The Darkest Hour (Chapter Two, page 1 of 1)

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Princess picked Sunday to foal, and Carmen found her in heavy labor when they came home from church. Seeing the mare suffer twisted Carmen’s stomach into a knot. When she raced back to the house screaming for Alex, he bolted out of the back door.
“What is it?” he asked, anxiously glancing behind her.
“Princess — she’s hurting something terrible.”
“What happened to her?”
Carmen stared at him. “She’s having her foal.”
The dark eyes lost their concern and gained a spark of humor.
“Oh, that. I figured it would happen today.”
She caught her breath. “You knew, and we went to church anyway?”
He laughed softly. “Calm down, Carmen. It isn’t her first foal. She can do this thing without us, you know. In fact, she'd probably prefer we weren’t there.”
It was difficult to imagine how a veterinarian could be so unconcerned about the pain of any animal, much less Princess.
She frowned at him. “Aren’t you going to do anything?”
He dropped an arm around her shoulder and smiled down at her as they turned toward the barn.
“I’ll go check on her if it will make you feel any better.”
If she had known what he was going to do, it wouldn’t have made her feel any better. Princess was up and down, obviously in pain, but Alex merely checked her over and proclaimed everything normal.
“It’ll be an hour or so. We might as well leave her in peace.”
Carmen caressed the velvety muzzle and glanced up at Alex in exasperation.
“Aren’t you going to give her anything for pain?”
He grinned. “She's a horse, Carmen.”
“So? She has feelings too. If she was a human you’d be giving her something for pain.”
He took her elbow and urged her toward the house. “If she was a human, she wouldn’t be giving birth out here in the barn. Do you want her in your bed, or shall we call an ambulance?”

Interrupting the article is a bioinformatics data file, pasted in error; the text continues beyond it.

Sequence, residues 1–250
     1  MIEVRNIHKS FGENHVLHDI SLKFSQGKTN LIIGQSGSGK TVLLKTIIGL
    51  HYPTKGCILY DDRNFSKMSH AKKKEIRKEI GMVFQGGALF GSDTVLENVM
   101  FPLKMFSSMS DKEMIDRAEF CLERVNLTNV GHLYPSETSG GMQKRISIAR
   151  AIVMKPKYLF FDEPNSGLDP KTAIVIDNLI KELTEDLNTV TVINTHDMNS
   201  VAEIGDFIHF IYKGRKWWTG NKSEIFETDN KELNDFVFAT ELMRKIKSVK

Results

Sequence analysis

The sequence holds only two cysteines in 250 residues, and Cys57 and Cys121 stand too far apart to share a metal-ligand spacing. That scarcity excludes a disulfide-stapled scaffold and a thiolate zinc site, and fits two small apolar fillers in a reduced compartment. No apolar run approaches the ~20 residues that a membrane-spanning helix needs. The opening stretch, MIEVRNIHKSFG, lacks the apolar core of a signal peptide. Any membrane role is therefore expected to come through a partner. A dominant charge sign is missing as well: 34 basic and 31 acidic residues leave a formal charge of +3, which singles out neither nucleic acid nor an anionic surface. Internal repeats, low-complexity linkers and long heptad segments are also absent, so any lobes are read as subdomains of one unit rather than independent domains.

She stared up into mocking eyes that were twinkling with humor.
“You’re making fun of me.”
He sobered immediately and took her arm, leading her toward the door.
“Come on, sweetheart. Your anxiety will only make things more difficult for her.”
They retired to the house, where Carmen began to pace. He was probably right, but poor Princess. She stopped and stared out the patio doors at the barn. How long had it been?
Alex touched her shoulder and she glanced up at him. He caressed her cheek softly. “Don’t worry, sweetheart. Everything is going to be okay.”
His eyes were so tender — so sweet. He lifted her into his arms and started for their bedroom. She squirmed.
“Not now, Alex — for heaven's sake. How can you think of that at a time like this?”
Lowering her to the floor, he turned away. Pouring himself a cup of coffee, he lounged against the counter dejectedly. He stared down at his coffee, and when she touched his arm, he glanced up questioningly.
“I’m sorry,” she said. “I'm just not in the mood.”
The dark eyes wandered over her face in reflective silence. Finally he shrugged.
“It's all right. I was being insensitive.”
“No, you were only trying to distract me. I understand, and I appreciate the gesture, but ...” She glanced away, her face growing warm. “Don't take me for that reason. It wouldn’t be making love. It would only be having sex.”
He set the coffee cup on the table and pulled her into his arms. “You have the strangest ideas. Anytime we’re intimate; we’re making love. Could it ever be anything else between us?”
She snuggled against his chest and sighed. “I suppose not, but I’m still not in the mood.”
He kissed her forehead. “That's okay.”
She leaned her head back and gazed up into his face. “Are you disappointed in me?”
He smiled tenderly. “I love you.”
Maybe he wasn’t disappointed in her, but he could hardly be proud of her either. She was over-reacting again.
For the next hour, his attention was divided between her and Princess. In spite of all her anxiety, Alex was right. Princess presented them with a healthy foal, without complications or assistance. As they gazed proudly down at the little filly, Alex dropped a hand to her shoulder and squeezed it.
“Congratulations. Your horse ranch is shaping up nicely.”